A switch to a first-to-file patent regime from its first-to-invent system has become imminent for the U.S. To learn about probable effects of such a policy change, we examine a similar switch that occurred in Canada in 1989. We find that the switch failed to stimulate Canadian R&D efforts. Nor did it have any effects on overall patenting. However, the reforms had a small adverse effect on domestic-oriented industries and skewed the ownership structure of patented inventions towards large corporations, away from independent inventors and small businesses. These findings challenge the merits of adopting a first-to-file patent regime.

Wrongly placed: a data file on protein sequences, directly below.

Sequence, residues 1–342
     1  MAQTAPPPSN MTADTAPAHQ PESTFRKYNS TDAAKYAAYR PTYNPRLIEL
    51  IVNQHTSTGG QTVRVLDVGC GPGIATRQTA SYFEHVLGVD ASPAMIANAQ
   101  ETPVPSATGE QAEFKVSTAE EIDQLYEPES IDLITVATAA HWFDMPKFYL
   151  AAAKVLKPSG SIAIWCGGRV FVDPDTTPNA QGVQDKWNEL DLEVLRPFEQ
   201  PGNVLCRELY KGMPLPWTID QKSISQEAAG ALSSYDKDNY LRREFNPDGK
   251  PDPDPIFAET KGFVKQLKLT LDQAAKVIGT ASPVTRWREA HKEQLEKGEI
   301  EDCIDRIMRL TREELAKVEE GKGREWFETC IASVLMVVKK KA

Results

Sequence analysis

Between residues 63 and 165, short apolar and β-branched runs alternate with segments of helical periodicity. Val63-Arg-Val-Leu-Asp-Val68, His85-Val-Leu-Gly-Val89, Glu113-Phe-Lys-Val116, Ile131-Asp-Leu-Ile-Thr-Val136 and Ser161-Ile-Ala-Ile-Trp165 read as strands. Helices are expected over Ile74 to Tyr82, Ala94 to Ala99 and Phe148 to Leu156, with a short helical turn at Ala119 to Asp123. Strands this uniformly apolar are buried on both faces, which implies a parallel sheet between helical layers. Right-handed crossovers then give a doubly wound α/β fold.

Scholars have long noted the significant impact of general purpose technologies (GPTs) on the economy. However, limited attention has been paid to exploring how they are employed to generate inventions in downstream sectors (crossover inventions), and what factors may facilitate such diffusion. We study these issues by examining the introduction of one of the widely regarded GPTs -- electrical technology -- in the late 19th century U.S. We find that knowledge spillovers between industries (inter-industry spillovers and learning-by-using) had little influence on the geography of crossover inventions as well as the speed and productivity of inventors at making them. Instead, appropriate human capital and an environment promoting inventions in general played a more important role.